Greek language has three different vowels and three diphthongs (= pairs of vowels) that possess the soundi, like in the English word ill: ι, η, υ, ει, οι, υι.
Ι,ι i l like in the word eel
Η,η i l like in the word eel
Υ,υ i l like in the word eel
ΕΙ,ει i like in the word eel
ΟΙ,οι i like in the word eel
ΥΙ,υι i like in the word eel
In modern GreekΙ,ι, Η,η, Υ,υ, ΟΙ, οι, ΕΙ,ει, ΥΙ, υιpossess the same sound and value. There is no difference in their pronunciation. Only when the syllable gets the tonos (=accent) on it, it is accented (louder and a bit longer): ΗΜυτιλήνη (EE mitiLEEni = Mytilene), οιΔελφοί (EE deLFEE = Delphi).
Things were different for the ancient Greeks who have inherited this writing to us. Obviously, those who invented the words and their spelling had decided to use different vowels for the sound i. Have they applied any grammatical rules for their use? Was there any difference in their pronunciation?
Though not in all cases, they had rules for their spelling and grammatical use as well. Η, η, ΟΙ, οι and ΕΙ, ει werelongvowels. That means that the duration of their sound was the double of the short letters. Ι,ιΥ,υ were sometimes short and sometimes long letters, depending on the consonants that followed. The diphthongs ΟΙ, οι, ΕΙ, ει, had usually a long value and sound. When the diphthong ΟΙ, οιwas found at the end of a noun or adjective (for instance in their plural), its value and sound was short.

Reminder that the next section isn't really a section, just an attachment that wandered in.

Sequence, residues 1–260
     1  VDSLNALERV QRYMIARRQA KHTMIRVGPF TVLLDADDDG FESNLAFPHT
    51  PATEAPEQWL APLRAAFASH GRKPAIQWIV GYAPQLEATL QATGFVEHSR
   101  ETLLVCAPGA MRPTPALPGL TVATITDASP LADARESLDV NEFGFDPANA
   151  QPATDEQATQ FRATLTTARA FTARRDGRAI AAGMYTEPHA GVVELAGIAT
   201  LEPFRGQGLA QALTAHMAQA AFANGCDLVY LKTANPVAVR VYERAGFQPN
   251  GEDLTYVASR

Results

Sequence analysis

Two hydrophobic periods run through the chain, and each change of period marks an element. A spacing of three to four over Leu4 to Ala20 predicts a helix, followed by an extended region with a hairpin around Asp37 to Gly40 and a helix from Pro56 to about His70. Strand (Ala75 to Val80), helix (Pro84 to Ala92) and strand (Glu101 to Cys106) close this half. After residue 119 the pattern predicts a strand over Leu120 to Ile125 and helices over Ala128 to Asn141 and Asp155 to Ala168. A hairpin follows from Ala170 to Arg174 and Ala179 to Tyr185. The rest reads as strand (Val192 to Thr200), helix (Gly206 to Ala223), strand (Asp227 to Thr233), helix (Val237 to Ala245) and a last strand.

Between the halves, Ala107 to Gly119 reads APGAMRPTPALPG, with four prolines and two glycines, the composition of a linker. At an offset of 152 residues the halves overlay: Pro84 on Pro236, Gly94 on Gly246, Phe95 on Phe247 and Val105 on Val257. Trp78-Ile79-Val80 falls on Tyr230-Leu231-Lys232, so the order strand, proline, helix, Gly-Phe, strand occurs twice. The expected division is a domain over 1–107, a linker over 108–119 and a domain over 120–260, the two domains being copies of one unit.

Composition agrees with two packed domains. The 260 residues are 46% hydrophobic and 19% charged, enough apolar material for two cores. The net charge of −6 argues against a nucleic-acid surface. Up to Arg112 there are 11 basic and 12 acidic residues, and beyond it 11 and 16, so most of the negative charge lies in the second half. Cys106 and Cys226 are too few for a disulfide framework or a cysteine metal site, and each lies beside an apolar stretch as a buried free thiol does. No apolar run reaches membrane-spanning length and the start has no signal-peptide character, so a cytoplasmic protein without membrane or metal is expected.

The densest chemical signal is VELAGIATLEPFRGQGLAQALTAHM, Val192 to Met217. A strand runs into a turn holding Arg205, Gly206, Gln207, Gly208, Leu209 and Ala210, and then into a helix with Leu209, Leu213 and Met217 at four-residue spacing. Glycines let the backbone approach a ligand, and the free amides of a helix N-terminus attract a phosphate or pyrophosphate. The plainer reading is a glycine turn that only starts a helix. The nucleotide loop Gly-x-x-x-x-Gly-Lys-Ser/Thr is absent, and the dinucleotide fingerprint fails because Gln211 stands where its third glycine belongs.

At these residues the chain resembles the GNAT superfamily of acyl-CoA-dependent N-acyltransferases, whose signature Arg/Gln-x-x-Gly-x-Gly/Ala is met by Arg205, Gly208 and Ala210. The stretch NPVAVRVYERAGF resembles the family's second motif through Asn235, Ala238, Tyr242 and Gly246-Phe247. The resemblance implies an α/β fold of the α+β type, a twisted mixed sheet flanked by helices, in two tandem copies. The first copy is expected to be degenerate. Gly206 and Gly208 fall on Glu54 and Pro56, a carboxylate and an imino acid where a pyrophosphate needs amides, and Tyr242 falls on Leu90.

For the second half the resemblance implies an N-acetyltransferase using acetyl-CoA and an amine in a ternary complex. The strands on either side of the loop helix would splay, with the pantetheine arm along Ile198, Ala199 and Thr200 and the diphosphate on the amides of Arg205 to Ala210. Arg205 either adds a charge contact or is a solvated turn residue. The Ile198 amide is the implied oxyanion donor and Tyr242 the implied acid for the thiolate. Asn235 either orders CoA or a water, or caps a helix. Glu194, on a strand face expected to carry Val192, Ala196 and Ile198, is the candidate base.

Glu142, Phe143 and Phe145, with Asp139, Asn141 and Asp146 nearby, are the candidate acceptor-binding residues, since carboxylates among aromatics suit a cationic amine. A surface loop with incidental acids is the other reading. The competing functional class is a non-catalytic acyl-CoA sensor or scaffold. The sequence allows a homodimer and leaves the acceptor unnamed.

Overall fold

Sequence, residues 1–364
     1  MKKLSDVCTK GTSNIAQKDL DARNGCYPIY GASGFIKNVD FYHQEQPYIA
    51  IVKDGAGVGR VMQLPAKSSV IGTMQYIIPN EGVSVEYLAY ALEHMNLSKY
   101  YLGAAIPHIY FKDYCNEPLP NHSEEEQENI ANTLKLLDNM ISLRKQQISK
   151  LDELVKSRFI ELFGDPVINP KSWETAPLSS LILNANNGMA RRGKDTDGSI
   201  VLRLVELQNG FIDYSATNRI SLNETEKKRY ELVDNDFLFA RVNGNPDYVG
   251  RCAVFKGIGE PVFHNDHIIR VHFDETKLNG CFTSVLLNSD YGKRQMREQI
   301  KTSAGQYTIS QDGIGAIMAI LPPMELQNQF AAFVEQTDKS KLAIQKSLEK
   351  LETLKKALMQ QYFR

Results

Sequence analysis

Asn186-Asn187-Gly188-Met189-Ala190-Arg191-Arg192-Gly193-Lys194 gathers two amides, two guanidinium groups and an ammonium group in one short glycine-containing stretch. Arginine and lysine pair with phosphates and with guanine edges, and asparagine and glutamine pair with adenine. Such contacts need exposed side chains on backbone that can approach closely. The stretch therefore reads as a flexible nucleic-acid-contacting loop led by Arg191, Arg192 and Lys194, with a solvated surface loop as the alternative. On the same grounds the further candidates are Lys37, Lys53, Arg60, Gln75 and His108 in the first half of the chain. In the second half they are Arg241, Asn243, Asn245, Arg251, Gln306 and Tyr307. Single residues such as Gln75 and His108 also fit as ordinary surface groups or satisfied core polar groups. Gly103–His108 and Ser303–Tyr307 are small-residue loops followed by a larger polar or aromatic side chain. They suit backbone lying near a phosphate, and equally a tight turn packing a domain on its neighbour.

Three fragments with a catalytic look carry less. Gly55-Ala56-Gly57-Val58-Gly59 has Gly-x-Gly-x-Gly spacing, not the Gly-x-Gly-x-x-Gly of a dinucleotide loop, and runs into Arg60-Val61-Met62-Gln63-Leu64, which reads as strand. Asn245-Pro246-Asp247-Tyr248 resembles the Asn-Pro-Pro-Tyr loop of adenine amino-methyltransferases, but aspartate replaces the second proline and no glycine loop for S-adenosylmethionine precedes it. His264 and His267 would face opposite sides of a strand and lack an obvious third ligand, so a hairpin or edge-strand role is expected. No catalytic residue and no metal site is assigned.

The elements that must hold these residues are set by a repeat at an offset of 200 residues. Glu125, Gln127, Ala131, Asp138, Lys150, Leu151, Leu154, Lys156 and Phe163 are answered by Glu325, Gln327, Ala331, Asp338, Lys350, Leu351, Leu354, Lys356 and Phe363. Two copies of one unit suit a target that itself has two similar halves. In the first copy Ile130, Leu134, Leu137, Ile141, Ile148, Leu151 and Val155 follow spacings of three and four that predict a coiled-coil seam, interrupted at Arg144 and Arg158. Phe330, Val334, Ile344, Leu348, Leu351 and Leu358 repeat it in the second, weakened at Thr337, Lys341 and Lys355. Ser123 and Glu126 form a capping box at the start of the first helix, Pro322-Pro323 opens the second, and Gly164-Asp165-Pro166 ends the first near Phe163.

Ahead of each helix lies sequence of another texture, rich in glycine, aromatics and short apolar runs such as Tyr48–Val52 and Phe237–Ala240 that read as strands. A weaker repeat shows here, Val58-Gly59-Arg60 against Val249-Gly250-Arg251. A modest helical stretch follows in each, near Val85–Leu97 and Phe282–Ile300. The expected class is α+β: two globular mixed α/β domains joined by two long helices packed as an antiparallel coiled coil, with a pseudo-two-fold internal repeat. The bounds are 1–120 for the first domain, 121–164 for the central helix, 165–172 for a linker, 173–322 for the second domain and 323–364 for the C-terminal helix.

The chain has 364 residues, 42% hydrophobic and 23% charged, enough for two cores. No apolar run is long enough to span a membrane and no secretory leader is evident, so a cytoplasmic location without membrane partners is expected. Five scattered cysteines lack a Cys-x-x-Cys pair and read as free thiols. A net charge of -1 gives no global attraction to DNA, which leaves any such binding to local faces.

In modern Greek language we don’t have long and short vowels regarding the duration of their sound. Nevertheless, we have kept some rules regarding the spelling of the words. Here are some rules, which we still apply today in modern Greek.
Neuter grammatical gender words, nouns and adjectives, end in the singular number either in -οor in -ι. Then they are always written with Ι,ι: Τοπαιδ-ί (TO peDEE = the child), τοσπίτ-ι (TO SPEEti = the house), τομολύβ-ι (TO moLEEvi = the pencil).
The feminine grammatical gender article in the singular number is Η,η.Unlike English, we usually put the article before the name:ΗΕλένη (EE eLEni = Helen), ηΝίκη (EE NEEki = Nike), ηΚαίτη (EE KEti = Kate).
The feminine grammatical gender article in the plural number is ΟΙ, οι. Οιμαμάδες (EE maMAdes = the moms), οιγιαγιάδες (EE yiayiAdes = the grandmothers).
Feminine grammaticαl gender nouns and adjectives in the singular number, nominative case, end either in -α or in -η. This is the reason why all Greek feminine names ending in the sound i are always written withΗ,η: ΗΕλέν-η, ηΚαίτ-η.
Masculine grammatical gender nouns and adjectives in the plural number, nominative and votive cases, end in OI, οι: οικαλοίάνθρωποι (EE kaLEEAnthropi = the good people), οικακοίσκύλοι (EE kaKEESKEEli = the bad dogs).
The third person singular of the active voice verbs always ends in ει: κάν-ει (KAni = he/ she /it does), τρώ-ει (TROi = he/ she/ it eats), πίν-ει (PEENi = he/ she/ it/ drinks).
i (ill), ee (beer), e (ever), o (organ), oo (boot), y (yes), h (helium), th (theory), d (the). The capitalized syllables are accented.